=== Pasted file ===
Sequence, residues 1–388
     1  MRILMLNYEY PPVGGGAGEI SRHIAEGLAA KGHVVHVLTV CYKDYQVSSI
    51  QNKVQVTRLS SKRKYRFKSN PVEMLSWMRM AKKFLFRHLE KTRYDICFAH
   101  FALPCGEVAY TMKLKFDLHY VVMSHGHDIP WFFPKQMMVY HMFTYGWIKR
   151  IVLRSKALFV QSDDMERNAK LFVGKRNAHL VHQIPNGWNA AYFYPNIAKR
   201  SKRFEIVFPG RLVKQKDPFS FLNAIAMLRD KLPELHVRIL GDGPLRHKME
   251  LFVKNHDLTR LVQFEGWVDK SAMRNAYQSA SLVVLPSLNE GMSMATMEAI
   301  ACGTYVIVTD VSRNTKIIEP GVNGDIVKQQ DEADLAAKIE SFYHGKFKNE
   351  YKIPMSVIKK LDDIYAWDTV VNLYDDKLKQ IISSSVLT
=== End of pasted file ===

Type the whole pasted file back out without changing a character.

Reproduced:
Sequence, residues 1–388
     1  MRILMLNYEY PPVGGGAGEI SRHIAEGLAA KGHVVHVLTV CYKDYQVSSI
    51  QNKVQVTRLS SKRKYRFKSN PVEMLSWMRM AKKFLFRHLE KTRYDICFAH
   101  FALPCGEVAY TMKLKFDLHY VVMSHGHDIP WFFPKQMMVY HMFTYGWIKR
   151  IVLRSKALFV QSDDMERNAK LFVGKRNAHL VHQIPNGWNA AYFYPNIAKR
   201  SKRFEIVFPG RLVKQKDPFS FLNAIAMLRD KLPELHVRIL GDGPLRHKME
   251  LFVKNHDLTR LVQFEGWVDK SAMRNAYQSA SLVVLPSLNE GMSMATMEAI
   301  ACGTYVIVTD VSRNTKIIEP GVNGDIVKQQ DEADLAAKIE SFYHGKFKNE
   351  YKIPMSVIKK LDDIYAWDTV VNLYDDKLKQ IISSSVLT